The title of Susan Reimer's column "A woman - but why this woman?" (Sept. 1) proposes a legitimate question: Does one-term Alaska Gov. Sarah Palin have the necessary qualifications to become the first female U.S. vice president?
The answer is yes, partially because one-term Sen. Barack Obama's nomination for president has lowered the bar considerably, as less than four years ago he was an unknown state senator, and he still has zero executive-level experience.
However, Ms. Reimer's column crosses the line with outlandish commentary of the sort that one would expect to find in the nether reaches of the blogosphere, not in a big-city newspaper such as The Baltimore Sun.
In fact, not even the most partisan backers of Sen. Barack Obama would use Mrs. Palin's Down syndrome child to make a point ("You want to look good to the evangelicals? Choose a running mate with a Down syndrome child").
Why do The Baltimore Sun and columnist Susan Reimer believe is appropriate to critique the qualifications of Republican candidates, especially in such an undignified manner, and then conveniently overlook Mr. Obama's lack of executive-level experience?
David Richardson, Bel Air
Susan Reimer's column "A woman - but why this woman?" is one of the more patently offensive pieces printed in The Baltimore Sun in some time. While Ms. Reimer is free to support any candidate she pleases, her puerile and shallow rant against the selection of Alaska Gov. Sarah Palin as Sen. John McCain's running mate should not pass by without rebuke.
In one disturbing swoop, Ms. Reimer takes unnecessary cheap shots at Mr. McCain's age and health, Mrs. Palin's gender, Mrs. Palin's education at a public university and, most shockingly, Mrs. Palin's young child with Down syndrome.
It is unacceptable and inappropriate to demean Mrs. Palin in this manner, particularly when her qualifications, experience, ethics and judgment far exceed those of Sen. Barack Obama.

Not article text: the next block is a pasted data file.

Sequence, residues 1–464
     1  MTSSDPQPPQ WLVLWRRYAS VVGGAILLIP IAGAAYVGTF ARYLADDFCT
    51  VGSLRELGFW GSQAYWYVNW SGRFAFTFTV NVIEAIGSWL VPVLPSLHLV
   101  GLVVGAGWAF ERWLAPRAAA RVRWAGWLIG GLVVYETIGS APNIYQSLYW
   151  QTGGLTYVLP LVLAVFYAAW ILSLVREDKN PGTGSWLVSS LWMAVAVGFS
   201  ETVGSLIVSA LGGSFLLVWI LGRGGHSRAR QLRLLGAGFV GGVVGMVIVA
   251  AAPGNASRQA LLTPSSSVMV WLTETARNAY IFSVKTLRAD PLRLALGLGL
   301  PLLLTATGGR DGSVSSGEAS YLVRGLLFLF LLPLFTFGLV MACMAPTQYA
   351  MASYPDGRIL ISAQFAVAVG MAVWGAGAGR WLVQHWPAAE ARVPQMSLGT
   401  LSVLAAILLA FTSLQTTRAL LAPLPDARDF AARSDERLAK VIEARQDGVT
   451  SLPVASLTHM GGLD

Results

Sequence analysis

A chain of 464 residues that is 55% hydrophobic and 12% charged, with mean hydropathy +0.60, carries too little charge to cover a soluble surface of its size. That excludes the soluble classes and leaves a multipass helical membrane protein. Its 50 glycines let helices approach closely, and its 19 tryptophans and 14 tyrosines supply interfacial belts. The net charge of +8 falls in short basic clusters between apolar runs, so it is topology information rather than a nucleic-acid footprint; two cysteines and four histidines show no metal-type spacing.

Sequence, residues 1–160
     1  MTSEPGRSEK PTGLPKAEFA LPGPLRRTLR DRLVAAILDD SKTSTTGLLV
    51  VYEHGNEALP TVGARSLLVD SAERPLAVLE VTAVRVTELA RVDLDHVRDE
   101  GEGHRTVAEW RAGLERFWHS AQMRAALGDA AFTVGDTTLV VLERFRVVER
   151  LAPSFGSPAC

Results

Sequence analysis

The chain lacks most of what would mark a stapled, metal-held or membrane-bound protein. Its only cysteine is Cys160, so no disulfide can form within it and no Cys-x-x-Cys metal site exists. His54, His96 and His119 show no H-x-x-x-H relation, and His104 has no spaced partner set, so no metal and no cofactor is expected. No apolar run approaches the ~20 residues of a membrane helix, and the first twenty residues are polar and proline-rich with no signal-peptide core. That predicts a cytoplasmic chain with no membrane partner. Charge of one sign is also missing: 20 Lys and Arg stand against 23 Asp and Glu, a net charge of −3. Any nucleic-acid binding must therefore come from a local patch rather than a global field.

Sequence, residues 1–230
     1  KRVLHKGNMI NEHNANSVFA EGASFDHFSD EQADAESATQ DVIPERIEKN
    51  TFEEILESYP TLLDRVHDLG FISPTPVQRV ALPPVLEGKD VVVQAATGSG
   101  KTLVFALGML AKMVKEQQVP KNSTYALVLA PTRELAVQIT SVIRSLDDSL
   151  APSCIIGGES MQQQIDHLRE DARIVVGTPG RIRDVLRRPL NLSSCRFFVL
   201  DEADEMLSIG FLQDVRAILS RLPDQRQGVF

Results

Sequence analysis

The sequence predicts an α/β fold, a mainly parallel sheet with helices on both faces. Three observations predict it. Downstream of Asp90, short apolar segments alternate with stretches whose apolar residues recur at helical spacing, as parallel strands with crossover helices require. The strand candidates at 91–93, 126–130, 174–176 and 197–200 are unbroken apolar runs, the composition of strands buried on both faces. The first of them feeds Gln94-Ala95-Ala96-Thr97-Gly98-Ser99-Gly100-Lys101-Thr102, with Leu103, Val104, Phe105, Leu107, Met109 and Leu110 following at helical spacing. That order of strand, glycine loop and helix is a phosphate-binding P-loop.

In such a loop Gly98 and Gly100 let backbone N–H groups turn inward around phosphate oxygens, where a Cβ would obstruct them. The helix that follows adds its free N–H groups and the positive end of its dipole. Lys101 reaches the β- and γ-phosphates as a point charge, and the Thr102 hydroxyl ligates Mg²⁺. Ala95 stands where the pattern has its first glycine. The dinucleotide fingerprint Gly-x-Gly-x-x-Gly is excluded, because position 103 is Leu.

Brian Griffiths, Pasadena
The writer is president of the Anne Arundel Young Republicans.
Apparently Susan Reimer has never learned how to disagree without being disagreeable.
It is one thing to question Sen. John McCain's choice of an inexperienced woman, Alaska Gov. Sarah Palin, as his vice presidential running mate; many people do.
But to make such disgusting comments as, "Want to look good to evangelicals? Choose a running mate with a Down syndrome child," is unacceptable. Nor does she stop there. Ms. Reimer goes on: "I don't know what I'll do if she trots out the story of her 5-month-old baby to shore up the Republican base."
I'd like to tell her what she can do right now: Pack up her computer until she learns to treat pro-life people with the same dignity and respect with which she would want to see pro-choice people treated.
Myra Welsh, Cockeysville
Susan Reimer's column on Alaska Gov. Sarah Palin epitomizes the misconception many Democrats have about Sen John McCain's vice presidential choice: This choice is not about Ms. Reimer or the women Sen. Barack Obama has alienated; it is about people like me, those in the conservative Republican base.
Mrs. Palin is an unapologetic, unashamed conservative in the style of Ronald Reagan.
I want candidates on the presidential ticket who have demonstrated social, political and economic values similar to mine.
And for president, I want a person who is ready to assume the responsibilities of the office. A vice presidential candidate does not need to be ready to be president but must be ready to rise to the presidential role if needed.
While Senator McCain has demonstrated he is ready for the office of president, Mrs. Palin's record shows that she is ready to rise to the occasion if she must assume the office of president.
Unfortunately for the nation, on the other ticket, Sen. Joe Biden has demonstrated he is ready for the office of president while Mr. Obama's record demonstrates he is only ready to rise to the office.
Paul Spause, Hanover